Colorectal Cancer Screening

Colonoscopy

Colorectal cancers are some of the most preventable cancers because screening tests can detect growths before they become cancerous.

Most colorectal cancers develop from polyps (growths on the lining of the colon). Polyps are usually noncancerous when they first appear. Over time, they can turn into cancerous polyps (adenoma). Removal of these polyps can reduce your risk of colon cancer by more than 80 percent.

Colon cancer most commonly occurs in the lower part of the colon. Cancer in the rectum is called rectal cancer. Together, they are referred to as colorectal cancer.

Colonoscopy is the only colorectal screening test that examines the entire colon and can remove any polyps found during the test. There are other colorectal cancer screening tools, but colonoscopy is the gold standard.

When to Get Screened

Adults should have colorectal screenings beginning at age 50. If you have a family history of colorectal cancer or a medical condition that puts you at high risk, your doctor might suggest earlier screening.

Screening Options

Colonsocopy

  • Checks entire length of large intestine and colon
  • Detects polyps and cancer and removes polyps
  • Frequency: Every 10 years for most people
  • Preparation: Your colon must be empty for the test to be effective. Your doctor explains how to prepare for the exam. You follow a specific diet the day before  - no food and only clear liquids. You take a liquid or pill laxative and, sometimes, give yourself an enema.
  • What to expect: You are given sedation medication through an IV (needle in your arm) to relax you. You lie on your side, and your doctor inserts a long flexible tube containing a camera through your anus and into your rectum and colon. This allows your doctor to see inside your large intestine and colon on monitors. If polyps are detected, they can be removed with tools inserted through the tube. If a biopsy is needed to check for cancer, these tissue samples can be collected during the colonoscopy. A colonoscopy takes about 30 minutes. Bring someone to drive you home because you’ve had sedation medication.

If any of the other screening tests that follow detect abnormalities, your doctor may recommend you have a colonoscopy.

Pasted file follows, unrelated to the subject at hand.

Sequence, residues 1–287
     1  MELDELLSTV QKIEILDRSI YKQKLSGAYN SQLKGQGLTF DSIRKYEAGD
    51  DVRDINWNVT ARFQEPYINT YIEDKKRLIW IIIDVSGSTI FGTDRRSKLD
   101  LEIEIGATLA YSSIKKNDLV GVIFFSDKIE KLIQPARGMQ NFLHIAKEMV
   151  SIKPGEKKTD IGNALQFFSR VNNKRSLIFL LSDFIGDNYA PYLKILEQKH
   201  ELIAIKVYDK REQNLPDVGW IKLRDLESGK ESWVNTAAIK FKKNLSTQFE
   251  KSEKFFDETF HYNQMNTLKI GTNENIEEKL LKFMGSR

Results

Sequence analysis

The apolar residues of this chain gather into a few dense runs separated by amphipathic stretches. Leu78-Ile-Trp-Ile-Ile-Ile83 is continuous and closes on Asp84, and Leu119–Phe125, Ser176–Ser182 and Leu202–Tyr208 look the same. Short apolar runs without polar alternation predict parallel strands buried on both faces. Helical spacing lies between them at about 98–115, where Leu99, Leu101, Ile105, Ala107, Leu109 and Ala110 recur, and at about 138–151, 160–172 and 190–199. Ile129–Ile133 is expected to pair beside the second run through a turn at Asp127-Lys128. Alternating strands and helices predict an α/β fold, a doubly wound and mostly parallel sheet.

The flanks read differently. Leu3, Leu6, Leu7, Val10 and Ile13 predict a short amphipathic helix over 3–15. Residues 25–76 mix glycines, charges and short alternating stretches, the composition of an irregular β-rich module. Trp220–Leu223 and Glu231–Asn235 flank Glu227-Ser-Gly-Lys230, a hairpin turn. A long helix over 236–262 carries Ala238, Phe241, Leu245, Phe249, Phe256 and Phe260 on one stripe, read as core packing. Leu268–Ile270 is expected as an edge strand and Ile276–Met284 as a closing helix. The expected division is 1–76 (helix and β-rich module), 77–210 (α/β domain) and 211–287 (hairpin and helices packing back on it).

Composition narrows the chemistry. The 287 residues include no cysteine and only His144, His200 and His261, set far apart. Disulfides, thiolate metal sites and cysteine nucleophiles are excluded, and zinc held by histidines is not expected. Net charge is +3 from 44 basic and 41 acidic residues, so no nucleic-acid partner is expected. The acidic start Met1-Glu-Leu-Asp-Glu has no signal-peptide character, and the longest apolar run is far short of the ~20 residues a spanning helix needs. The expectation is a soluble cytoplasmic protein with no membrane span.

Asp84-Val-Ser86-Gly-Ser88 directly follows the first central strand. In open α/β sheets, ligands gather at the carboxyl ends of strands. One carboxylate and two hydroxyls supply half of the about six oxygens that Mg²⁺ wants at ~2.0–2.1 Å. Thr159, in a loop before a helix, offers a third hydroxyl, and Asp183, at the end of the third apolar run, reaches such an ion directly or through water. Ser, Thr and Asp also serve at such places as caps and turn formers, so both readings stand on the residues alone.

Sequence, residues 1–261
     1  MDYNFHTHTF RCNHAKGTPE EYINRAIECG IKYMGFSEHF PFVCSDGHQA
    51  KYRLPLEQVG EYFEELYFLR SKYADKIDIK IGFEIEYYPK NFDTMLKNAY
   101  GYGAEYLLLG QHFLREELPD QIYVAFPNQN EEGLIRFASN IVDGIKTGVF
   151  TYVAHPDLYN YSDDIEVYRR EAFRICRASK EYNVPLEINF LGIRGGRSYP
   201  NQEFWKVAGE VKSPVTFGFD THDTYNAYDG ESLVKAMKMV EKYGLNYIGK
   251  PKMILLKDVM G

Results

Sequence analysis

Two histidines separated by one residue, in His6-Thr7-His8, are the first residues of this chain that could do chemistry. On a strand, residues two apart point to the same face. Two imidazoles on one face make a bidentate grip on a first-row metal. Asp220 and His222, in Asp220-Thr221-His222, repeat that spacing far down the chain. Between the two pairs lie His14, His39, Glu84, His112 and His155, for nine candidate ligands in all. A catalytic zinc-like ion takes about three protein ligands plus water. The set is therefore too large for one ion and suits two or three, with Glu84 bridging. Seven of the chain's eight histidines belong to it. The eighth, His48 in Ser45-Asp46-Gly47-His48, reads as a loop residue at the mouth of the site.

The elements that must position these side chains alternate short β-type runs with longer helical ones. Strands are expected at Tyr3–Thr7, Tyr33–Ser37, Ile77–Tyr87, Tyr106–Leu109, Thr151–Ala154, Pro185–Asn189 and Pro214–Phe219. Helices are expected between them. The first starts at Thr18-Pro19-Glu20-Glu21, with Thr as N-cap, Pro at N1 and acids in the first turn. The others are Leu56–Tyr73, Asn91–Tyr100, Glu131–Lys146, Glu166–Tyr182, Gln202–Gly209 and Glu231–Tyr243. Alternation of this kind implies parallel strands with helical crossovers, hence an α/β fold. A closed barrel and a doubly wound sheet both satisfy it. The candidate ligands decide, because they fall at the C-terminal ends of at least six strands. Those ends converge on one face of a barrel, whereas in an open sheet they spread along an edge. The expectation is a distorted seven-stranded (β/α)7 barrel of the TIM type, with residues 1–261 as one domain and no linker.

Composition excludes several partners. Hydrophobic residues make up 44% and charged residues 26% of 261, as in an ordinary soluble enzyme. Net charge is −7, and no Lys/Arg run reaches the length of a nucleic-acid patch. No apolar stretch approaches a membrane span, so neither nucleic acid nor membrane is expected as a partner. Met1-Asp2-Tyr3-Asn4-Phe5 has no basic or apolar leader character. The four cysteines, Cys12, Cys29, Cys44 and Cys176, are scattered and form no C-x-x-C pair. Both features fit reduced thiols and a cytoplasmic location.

Flexible Sigmoidoscopy

  • Checks only the lower one-third of the colon; detects polyps and cancer
  • Frequency: Every five years
  • Preparation: Your colon must be empty for the test to be effective. Your doctor explains how to prepare for the exam. You follow a specific diet the day before - no food and only clear liquids. You take a liquid or pill laxative and, sometimes, give yourself an enema.
  • What to expect: You don’t usually have sedation medication. Your doctor inserts a long tube (sigmoidoscope) containing a camera through your anus and into your rectum and lower colon. This allows your doctor to see inside your lower colon on monitors. If polyps are detected, they can be removed with tools inserted through the tube. If a biopsy is needed to check for cancer, these tissue samples can be collected during the colonoscopy. This exam usually takes about 15 minutes unless polyps are detected.

Double-contrast Barium Enema

  • Detects large polyps and cancer
  • Frequency: Every five years
  • Preparation: Your colon must be empty for the test to be effective. Your doctor explains how to prepare for the exam. You follow a specific diet the day before - no food and only clear liquids. You take a liquid or pill laxative and, sometimes, give yourself an enema.
  • What to expect: This test involves a series of X-rays of your colon and rectum. At the clinic or hospital, you have an enema with a barium solution and an injection of air through a tube inserted in your anus. The barium coats the lining of your intestines to help polyps and other abnormalities show up better on X-rays.

Virtual Colonoscopy (CT Colonography)

  • Detects polyps and cancer
  • Frequency: Every five years
  • Preparation: Your colon must be empty for the test to be effective. Your doctor explains how to prepare for the exam. You follow a specific diet the day before  - no food and only clear liquids. You take a liquid or pill laxative and, sometimes, give yourself an enema.
  • What to expect: You have CT (computed tomography) scans to produce pictures of your colon. Your doctor views the scans to look for abnormalities. This test might be right for you if you can’t have colonoscopy. You lie on your side with your knees pulled toward your chest. Your doctor inserts a tube into your anus and pumps air through it to make your colon easier to see. Then you lie on your back and your stomach to get images from different angles.

Fecal Occult Blood Test (FOBT)

  • Detects cancer
  • Frequency: Yearly
  • Preparation: Your doctor provides instructions about foods to avoid for a few days before the test.
  • What to expect: This is a lab test to check for hidden (occult) blood in your stool. There are several types of tests and kits. You may provide stool samples over one or several bowel movements to your doctor or to a mail-in laboratory.

Stool DNA Test

  • Detects cancer
  • Frequency: not yet determined; possibly every two to five years
  • Preparation: No special preparation required
  • What to expect: This is a new lab test that checks stool for changes in your DNA. Your doctor gives you a kit. You provide a stool sample to your doctor or to a mail-in laboratory.

Find an Aurora Health Care GI Specialist